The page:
There's an undeniable chemistry that's always existed between you and your friend's now ex-boyfriend or ex-husband.
It's a thought you barely ever even allowed yourself to fully entertain: "Is he better suited to me than her?"
The sizzle of electricity that passed between you the first time you met and shook hands, the way you felt you could talk to him for hours, the inside jokes you shared . . . there's definitely "something" there.
But actually ever acting on that "something?" Well, that would be an atrocious crime, according to the rules of the "girl code"; the idea that there are certain standards of behaviour that women need to abide by to demonstrate loyalty to their gal pals.
Poppy Louw, however, tossed the girl code out the window when she found herself falling for a man who used to date her friend.
One of the rules in girl code is that you cannot be with a guy that used to date your friend, but that's a myth, says Poppy.
“When it comes to issues of the heart, girl code does not enter. Once you’re grown, you don’t focus on those things."
When she met her partner, Kabelo Molepo, in 2008 it was through a mutual friend whom he had dated in high school. Together with other acquaintances, they soon became a group of friends.
Fast forward five years later and Kabelo and one of the girls in their circle of friends started dating. But it did not last long.
“In 2013, my mom collapsed at a work function and the guy I was seeing was not as supportive as I would have liked a partner to be," says Poppy, recalling how she began to see Kabelo differently.
"I was in Joburg, and he was in Kimberly where my mom was but I did not get the support I needed. But Kabelo really came through for me and from then I saw him in a different light.
“Even though I had feelings for him I did not pursue anything with him because at the time he was preparing to move to Cape Town, and I did not want to start a long-distance relationship. Then Cape Town did not work out for him, and he told me that he had moved to Pretoria."
In no time, she took the Gautrain and went to visit him and they realised they were meant to be together.
“He told me from the beginning that he was not interested in playing around, he wanted a serious relationship. It was so refreshing for someone to just make their intentions clear from the beginning. He then posted poems on Facebook, and he also posted the poppy flower, and I knew he was talking about me.”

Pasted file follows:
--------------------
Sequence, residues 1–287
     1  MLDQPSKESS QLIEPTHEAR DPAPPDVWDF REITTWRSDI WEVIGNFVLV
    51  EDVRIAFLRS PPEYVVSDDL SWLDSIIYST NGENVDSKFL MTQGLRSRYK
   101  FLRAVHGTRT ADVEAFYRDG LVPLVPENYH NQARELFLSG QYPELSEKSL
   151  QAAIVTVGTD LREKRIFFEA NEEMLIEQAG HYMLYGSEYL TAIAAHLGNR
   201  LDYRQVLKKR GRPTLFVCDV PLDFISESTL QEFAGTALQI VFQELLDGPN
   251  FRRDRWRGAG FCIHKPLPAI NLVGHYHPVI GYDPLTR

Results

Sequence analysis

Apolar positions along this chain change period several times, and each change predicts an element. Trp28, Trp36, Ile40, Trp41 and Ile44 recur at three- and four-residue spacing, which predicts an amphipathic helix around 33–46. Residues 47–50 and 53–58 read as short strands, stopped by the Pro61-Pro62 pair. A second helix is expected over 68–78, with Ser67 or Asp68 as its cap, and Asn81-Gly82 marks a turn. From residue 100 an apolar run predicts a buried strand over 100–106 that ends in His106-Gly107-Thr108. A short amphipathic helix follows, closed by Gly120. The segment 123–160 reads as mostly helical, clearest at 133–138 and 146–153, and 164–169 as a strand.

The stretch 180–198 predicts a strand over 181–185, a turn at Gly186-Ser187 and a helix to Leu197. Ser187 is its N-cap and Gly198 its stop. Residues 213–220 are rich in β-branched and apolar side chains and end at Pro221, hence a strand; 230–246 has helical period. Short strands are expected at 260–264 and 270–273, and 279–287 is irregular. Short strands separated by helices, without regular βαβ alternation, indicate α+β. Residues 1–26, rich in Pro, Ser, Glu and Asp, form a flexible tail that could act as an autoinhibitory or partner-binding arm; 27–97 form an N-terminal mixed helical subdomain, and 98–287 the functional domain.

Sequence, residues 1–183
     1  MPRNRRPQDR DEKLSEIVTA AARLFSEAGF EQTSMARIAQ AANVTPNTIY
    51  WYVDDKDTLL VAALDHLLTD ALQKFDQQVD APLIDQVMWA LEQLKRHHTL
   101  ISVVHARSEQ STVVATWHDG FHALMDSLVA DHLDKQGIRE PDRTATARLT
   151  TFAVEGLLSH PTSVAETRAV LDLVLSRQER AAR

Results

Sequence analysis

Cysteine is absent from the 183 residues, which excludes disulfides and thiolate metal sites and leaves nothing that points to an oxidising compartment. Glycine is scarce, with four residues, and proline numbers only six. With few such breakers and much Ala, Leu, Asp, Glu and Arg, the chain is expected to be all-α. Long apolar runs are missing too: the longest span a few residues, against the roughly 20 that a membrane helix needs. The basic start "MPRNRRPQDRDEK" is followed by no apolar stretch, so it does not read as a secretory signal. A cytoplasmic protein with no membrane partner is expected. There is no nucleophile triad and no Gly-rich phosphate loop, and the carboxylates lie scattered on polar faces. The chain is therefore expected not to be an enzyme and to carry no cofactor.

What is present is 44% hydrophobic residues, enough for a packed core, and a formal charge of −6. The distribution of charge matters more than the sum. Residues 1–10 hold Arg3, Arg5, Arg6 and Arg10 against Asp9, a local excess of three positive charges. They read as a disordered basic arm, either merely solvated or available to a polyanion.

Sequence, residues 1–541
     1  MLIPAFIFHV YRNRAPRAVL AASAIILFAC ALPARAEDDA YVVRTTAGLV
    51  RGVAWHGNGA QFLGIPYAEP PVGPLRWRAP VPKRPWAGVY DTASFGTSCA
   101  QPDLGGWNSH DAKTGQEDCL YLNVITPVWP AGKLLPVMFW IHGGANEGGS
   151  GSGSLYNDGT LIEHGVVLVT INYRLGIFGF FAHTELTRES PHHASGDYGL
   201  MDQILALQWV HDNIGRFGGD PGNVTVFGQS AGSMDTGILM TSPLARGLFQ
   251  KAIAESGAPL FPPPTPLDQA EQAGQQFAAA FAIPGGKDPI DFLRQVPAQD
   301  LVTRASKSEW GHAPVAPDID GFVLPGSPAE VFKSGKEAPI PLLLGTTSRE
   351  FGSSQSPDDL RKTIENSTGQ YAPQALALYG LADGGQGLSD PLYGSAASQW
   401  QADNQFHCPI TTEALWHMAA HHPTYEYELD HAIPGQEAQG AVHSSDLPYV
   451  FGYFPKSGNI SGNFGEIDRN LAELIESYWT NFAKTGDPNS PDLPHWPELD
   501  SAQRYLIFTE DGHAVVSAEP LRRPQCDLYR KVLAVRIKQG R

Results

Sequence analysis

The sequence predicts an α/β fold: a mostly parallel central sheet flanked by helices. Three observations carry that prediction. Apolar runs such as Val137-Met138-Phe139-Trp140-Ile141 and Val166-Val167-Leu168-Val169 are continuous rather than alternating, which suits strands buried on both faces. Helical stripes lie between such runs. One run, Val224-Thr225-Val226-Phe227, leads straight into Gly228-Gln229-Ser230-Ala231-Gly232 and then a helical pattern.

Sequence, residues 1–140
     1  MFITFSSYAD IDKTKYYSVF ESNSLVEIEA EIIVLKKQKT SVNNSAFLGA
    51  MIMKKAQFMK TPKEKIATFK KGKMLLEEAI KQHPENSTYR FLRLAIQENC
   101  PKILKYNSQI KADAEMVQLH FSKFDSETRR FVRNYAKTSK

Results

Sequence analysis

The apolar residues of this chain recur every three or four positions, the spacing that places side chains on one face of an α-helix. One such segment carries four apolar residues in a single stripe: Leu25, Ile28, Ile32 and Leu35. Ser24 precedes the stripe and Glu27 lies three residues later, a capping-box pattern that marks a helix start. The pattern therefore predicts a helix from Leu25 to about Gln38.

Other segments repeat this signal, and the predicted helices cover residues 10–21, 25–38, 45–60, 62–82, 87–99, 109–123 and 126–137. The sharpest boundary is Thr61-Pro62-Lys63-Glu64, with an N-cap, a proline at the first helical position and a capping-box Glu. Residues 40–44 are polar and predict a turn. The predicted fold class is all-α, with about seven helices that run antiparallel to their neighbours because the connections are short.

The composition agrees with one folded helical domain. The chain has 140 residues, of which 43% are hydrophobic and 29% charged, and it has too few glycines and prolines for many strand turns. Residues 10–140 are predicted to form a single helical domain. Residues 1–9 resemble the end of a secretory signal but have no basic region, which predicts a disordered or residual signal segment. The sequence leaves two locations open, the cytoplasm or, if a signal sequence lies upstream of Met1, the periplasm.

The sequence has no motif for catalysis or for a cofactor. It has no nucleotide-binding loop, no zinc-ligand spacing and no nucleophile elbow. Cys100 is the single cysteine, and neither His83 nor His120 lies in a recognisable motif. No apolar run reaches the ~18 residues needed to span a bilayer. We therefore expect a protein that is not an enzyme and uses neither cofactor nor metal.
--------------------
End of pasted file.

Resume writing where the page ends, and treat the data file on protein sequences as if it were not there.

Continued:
The woman Kabelo had dated briefly all those months ago was someone Poppy had been friends with since she was in primary school.
“Even her sister is friends with my sister. They live a street away from my mom’s house in Kimberly, so it was a friendship that I valued and did not want to lose. There was a mutual friend who tried to be spicy about it, but it did not work. I spoke to my friend and told her about what was happening between Kabelo and I.
"She gave us her blessing and said she would not want to get in the way of what could potentially have. Now years later we are still friends, she was even at Kabelo’s birthday party last year, we genuinely have no issues."
She's glad she was upfront and honest about the potentially awkward situation from the jump.
“Imagine missing out on the love of your life because of some silly girl code? Oh no! We experience people differently and we grow. I am a different person to the person I was back in varsity.
"Being with Kabelo is the best decision I ever made. He is the same gentleman he was when we first started dating.”
Almost eight years later, they are engaged and have a son together.
Drum reader Ntando Makhubu agrees that people cannot still abide by the same rules they did when they were teens. “We are grown now, and a lot of those things were childish,” she says.
“You know how girl code dictates that you cannot be friends with someone who does not like your friend? Come on now! We cannot inherit beef.
"And for those who want to ask, 'then, what do you talk about?', my answer is simply that my friendships with people are not based on discussing other people. We do not have to talk about someone else in order to have a friendship.